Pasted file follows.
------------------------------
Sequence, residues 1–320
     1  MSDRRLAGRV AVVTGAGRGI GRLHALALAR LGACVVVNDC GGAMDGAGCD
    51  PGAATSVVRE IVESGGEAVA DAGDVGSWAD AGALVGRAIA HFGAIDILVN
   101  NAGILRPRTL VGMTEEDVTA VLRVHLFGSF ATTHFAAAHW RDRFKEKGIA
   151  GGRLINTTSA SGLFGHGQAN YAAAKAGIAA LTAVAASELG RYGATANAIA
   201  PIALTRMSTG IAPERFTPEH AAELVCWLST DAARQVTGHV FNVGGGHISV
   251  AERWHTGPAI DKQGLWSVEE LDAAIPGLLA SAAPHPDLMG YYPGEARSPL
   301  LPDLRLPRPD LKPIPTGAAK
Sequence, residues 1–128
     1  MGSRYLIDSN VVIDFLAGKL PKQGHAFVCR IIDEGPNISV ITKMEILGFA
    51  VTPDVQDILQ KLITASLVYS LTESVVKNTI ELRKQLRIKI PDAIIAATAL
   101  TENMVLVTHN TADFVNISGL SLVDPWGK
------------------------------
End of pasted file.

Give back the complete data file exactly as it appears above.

Sequence, residues 1–320
     1  MSDRRLAGRV AVVTGAGRGI GRLHALALAR LGACVVVNDC GGAMDGAGCD
    51  PGAATSVVRE IVESGGEAVA DAGDVGSWAD AGALVGRAIA HFGAIDILVN
   101  NAGILRPRTL VGMTEEDVTA VLRVHLFGSF ATTHFAAAHW RDRFKEKGIA
   151  GGRLINTTSA SGLFGHGQAN YAAAKAGIAA LTAVAASELG RYGATANAIA
   201  PIALTRMSTG IAPERFTPEH AAELVCWLST DAARQVTGHV FNVGGGHISV
   251  AERWHTGPAI DKQGLWSVEE LDAAIPGLLA SAAPHPDLMG YYPGEARSPL
   301  LPDLRLPRPD LKPIPTGAAK
Sequence, residues 1–128
     1  MGSRYLIDSN VVIDFLAGKL PKQGHAFVCR IIDEGPNISV ITKMEILGFA
    51  VTPDVQDILQ KLITASLVYS LTESVVKNTI ELRKQLRIKI PDAIIAATAL
   101  TENMVLVTHN TADFVNISGL SLVDPWGK